Barbed wire is used for fencing
    Pastures are rotated

The following describes the turnout areas other than pastures at this facility:
    This facility does not have turnout areas
Not Checked:
    This facility has a written plan in place for the maintenance of turnout areas, which includes a schedule for cleaning, manure removal, and dragging
    A dedicated staff person(s) is responsible for the maintenance of turnout areas
    All turnout areas are fenced to prevent escape or injury
    Barbed wire is used for fencing
    Electric fencing is used; electric wires or tape fence are visibly marked
    Turnout areas have man-made protection for horses (i.e., shelters)
    Fencing checks, such as broken or missing planks, loose fence posts, exposed or loose nails, detached wires, etc., are done regularly

The following policies and procedures are in place at the facility to restrict public access and to keep horses safe:
    Horses are checked overnight
    No Trespassing signs are posted
    Hold Harmless signs are posted
    Authorized Personnel Only signs are posted
    Entrance gates are locked at night
    Visitors are only permitted at specific times
    Visitors are only permitted in specific areas
Not Checked:
    The property owner, staff member or caretaker lives on the premises and ensures that public access is restricted and is responsible for the security of the facility and horses
    A security guard is present at night
    By Appointment Only signs are posted.
    The property is fitted with motion lights
    The property is fitted with a security system monitored by police or a professional service
    The property is fitted with a security system that is monitored internally by staff (or the property owner)
    The perimeter of the property is fully fenced

Greystone Manor Therapeutic Riding Center

Veterinarian Information
*Vet Assessment Not Current.

Veterinarian: Molly C. Kopec
Clinic Name: Kopec Veterinary Associates
55 Prospect Road
Elizabethtown   PA   17022
Phone: 717-361-870

Equine Care
Horse Health Care/Barn Management Records: What system is used to collect and store health/horse care records?
    Notebook or equivalent (technology not utilized)

The following items are consistent with our feed management plan and practices:
    Horses are provided with individualized feeding plans, including supplements, according to age and any health issues
    Feed plans are determined in consultation with a veterinarian
    Supplement plans are determined in consultation with a veterinarian
    Horses are fed in individual stalls
    Staff and volunteers are trained in proper feed measurements and protocols and observed periodically to ensure they are feeding correctly
    The feed chart is centrally located and updated as needed
    The area(s) where hay, feed, grain, and supplements are stored are kept clean, free of debris and chemicals, and protected from weather and other animals in rodent-proof and mold-proof containers and grain bins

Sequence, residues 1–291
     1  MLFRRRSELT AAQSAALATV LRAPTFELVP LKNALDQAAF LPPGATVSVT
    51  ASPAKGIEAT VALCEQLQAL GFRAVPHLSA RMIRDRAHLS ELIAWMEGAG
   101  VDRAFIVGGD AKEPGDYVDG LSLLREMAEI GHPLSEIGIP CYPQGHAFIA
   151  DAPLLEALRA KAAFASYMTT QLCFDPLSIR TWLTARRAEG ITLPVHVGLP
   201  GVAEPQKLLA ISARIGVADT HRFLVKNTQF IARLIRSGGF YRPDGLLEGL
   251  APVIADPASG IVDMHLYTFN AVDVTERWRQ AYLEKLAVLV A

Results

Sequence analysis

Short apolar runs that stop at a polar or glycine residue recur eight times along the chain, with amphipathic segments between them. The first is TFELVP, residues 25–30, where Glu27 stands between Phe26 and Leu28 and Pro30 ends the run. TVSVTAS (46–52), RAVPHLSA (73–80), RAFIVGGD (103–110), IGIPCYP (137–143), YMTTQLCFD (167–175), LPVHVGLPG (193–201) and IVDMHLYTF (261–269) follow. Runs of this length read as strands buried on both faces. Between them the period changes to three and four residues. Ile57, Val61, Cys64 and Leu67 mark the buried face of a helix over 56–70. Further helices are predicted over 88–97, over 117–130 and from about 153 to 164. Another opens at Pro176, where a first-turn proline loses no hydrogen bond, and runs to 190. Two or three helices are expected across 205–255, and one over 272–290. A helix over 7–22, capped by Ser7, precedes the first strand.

Feed, supplements and hay types are clearly labeled
    Water sources, i.e., buckets, troughs, automatic waterers, etc. are kept clean, free of debris and chemicals, and protected from weather and other animals
    Medications are kept in a locked, climate-controlled area
Not Checked:
    Horses are fed in groups

Our organization has the following policies and procedures in place pertaining to the ongoing assessment of horses in its care:
    Horses are assigned a Henneke Body Condition score upon arrival at the facility
    The Henneke Body Condition score is updated with each visit by the veterinarian
    Horses at our facility may be treated by an equine chiropractor
    Horses at our facility may be treated by an equine acupuncturist
    Horses at our facility may be treated by an equine massage therapist
    Horses at our facility may be treated by an equine nutritionist
Not Checked:
    The Henneke Body Condition score is updated monthly
    The Henneke Body Condition score is updated annually
    Photographs are taken of each horse upon arrival at the facility and kept with the horse's health records
    Photographs are taken of each horse monthly and kept with the horse's health records
    Photographs are taken of each horse annually and kept with the horse's health records
    Photographs are taken of each horse with each visit by the veterinarian and kept with the horse's health records

Our organization has the following policies and procedures in place pertaining to the weight-carrying or workload capabilities of horses/equines in our care:
*Missing
The following variables are considered in determining the weight-carrying and workload limitations for each equine:
*Missing
Do horses have access to clean drinking water at all times?     Yes    

Hoof Care: How often is hoof care provided for each horse? Every 4-8 weeks and when an issue arises

Dental Care: How often is dental care provided for each horse? Annually and when an issue arises

Physical Examinations: How often is each horse given a physical exam by a veterinarian? Annually and when an issue arises

Horse checks: How often are horses visually and physically checked by personnel at the facility? Every day or 6 days a week

Parasite Control: Our organization has the following worming protocols in place: (Check all that apply
    The protocol for each horse is determined in consultation with a veterinarian
    Fecal testing is performed prior to the use of a de-wormer.

Fly/Insect Control: What remedies are used to control flies and insects?